Quiz your memory with these questions
If someone asked you the difference between a post card and a postal card, how would you answer? I would have said they are the same, but I would have been wrong. Here is the answer. You buy a post card and then buy a stamp to put on it. A postal card, on the other hand, has postage imprinted upon the card by the postal authority before it is sold.
Postal cards and post cards are one way of communicating. This might be an easy communication question for you—what does SOS, the international distress signal, stand for? Could it be “Save Our Ship? Save our Souls? Or Stop Other Signals?” None of the three. SOS is the Morse code signal of three dits, three dahs. and three dits. It was adopted by International agreement because it is easy to remember.
Leaving communications, let us focus on quotations. With what words would you complete this quote: “Water, water everywhere___drop to drink.” If you answered “not a” as I did, you didn’t win a gold star. The correct words are “nor any.” It came from “The Rime of the Ancient Mariner,” the longest major poem by the English poet Samuel Taylor Coleridge, written in 1797–98 and published in 1798.
All true Sherlock Holmes fans should know this next one. I thought I did. What about “___, my dear Watson.” If you said “Elementary,” your answer was the same as mine. But we are wrong. The brilliant fictional detective, created by Sir Conan Doyle, did not say it that way. The word was spoken in the story, “The Crooked Man,” after Watson cried “Excellent” and Holmes replied simply, “Elementary.”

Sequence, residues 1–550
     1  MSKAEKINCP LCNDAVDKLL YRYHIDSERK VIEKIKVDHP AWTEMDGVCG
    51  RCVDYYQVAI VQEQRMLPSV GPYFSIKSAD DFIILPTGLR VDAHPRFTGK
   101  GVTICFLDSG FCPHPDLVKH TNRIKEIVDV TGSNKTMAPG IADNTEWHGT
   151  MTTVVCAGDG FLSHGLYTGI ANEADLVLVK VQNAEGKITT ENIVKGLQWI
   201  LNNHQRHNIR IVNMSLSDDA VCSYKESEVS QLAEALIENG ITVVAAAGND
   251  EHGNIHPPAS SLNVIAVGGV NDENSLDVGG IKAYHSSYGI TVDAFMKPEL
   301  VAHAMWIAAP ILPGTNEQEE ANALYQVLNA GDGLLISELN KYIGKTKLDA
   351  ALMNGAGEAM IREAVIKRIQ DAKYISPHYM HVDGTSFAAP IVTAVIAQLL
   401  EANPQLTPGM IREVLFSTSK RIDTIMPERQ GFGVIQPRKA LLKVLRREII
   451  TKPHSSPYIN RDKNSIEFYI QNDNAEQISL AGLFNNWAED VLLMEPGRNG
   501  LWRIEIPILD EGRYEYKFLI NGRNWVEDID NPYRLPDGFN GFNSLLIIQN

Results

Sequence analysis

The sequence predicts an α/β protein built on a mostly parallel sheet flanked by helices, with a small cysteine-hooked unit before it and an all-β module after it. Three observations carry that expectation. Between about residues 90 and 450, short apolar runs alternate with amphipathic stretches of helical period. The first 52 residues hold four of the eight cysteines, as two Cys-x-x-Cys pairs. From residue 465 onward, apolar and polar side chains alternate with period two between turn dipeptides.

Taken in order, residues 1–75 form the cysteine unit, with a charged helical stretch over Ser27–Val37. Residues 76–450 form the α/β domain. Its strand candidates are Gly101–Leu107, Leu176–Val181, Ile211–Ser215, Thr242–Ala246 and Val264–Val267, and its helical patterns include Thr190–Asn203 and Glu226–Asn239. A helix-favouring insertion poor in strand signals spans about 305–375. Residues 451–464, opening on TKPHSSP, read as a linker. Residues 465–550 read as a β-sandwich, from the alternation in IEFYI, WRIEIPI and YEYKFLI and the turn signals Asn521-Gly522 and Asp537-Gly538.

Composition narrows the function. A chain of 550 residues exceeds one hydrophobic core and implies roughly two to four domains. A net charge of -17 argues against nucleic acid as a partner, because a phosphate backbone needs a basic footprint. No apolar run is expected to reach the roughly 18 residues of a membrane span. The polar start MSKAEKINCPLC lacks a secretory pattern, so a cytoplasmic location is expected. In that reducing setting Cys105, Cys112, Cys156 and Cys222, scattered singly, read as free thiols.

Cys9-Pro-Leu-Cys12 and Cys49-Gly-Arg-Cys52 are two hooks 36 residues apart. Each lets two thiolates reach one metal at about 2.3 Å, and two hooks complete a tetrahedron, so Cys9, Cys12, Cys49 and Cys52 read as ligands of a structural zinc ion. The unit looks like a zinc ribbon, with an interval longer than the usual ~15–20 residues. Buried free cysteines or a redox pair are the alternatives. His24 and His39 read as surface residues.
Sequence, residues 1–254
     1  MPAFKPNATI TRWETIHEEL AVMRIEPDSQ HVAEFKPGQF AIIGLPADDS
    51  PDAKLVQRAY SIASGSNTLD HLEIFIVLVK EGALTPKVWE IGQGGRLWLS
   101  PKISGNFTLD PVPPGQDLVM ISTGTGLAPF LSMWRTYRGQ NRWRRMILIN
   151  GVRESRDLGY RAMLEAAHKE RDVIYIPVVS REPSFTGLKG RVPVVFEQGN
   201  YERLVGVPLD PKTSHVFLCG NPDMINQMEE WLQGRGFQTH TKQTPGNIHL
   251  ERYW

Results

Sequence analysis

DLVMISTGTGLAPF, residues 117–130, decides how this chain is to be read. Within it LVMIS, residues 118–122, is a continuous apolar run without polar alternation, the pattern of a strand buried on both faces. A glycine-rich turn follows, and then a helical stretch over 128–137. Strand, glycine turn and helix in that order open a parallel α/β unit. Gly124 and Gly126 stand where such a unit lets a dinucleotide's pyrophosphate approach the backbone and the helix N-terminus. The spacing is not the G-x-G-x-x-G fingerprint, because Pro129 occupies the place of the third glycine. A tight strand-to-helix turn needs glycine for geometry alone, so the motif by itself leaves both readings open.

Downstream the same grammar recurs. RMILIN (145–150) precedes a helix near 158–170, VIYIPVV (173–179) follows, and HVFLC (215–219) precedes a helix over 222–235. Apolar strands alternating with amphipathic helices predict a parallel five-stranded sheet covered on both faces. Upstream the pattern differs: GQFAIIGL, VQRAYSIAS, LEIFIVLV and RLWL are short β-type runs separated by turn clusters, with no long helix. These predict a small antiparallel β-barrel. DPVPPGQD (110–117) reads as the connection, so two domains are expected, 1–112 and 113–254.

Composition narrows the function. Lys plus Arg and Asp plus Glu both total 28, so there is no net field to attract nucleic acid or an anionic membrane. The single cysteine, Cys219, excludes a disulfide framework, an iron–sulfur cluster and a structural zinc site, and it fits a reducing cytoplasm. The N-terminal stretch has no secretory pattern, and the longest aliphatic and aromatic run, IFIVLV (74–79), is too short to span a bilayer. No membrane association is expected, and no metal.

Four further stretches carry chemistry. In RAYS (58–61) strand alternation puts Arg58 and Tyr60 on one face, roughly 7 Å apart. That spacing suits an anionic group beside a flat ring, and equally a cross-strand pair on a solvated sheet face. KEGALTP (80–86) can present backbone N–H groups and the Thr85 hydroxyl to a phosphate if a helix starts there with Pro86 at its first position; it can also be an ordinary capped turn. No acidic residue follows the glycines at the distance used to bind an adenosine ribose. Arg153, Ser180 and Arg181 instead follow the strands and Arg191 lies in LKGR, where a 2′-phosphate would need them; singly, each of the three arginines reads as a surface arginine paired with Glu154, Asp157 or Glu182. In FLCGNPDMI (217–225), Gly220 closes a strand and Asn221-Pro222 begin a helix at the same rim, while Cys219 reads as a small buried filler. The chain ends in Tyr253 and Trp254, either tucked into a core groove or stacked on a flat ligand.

One more quotation to ponder: “All that glitters is not gold.” It comes from “The Merchant of Venice,” but the word is “glisters,” not “glitters.” I went to my dictionary for that. You could say I was half right, I guess. It means the same thing, glistens.
Every student learns about the terrible Battle of the Little Bighorn where General Custer and his men were wiped out in 1876. Well, that came to mind easily enough, but do you remember who did the deed? It was the Sioux and Cheyenne warriors, led by Sitting Bull and Crazy Horse.
Maybe focusing on the movies might be easy in testing our memories. Remember the film “Casablanca?” How could I forget it? My husband played it again and again, but it turned out I was not as attentive as I should have been to answer this question. In that movie is the familiar phrase, “Play it again, Sam,” spoken by Humphrey Bogart. Sure it was. What? No, it was not Bogart who said that. Ingrid Bergman said it, except leave “again” out of her quote.
If you enjoy testing your memory and ability to retain facts such as those in the above group listed here, I suggest you consult Norman G. Hickman’s “The Quintessential Quiz Book.” It was the inspiration for this column.
Nina Keenam is retired from the newspaper industry.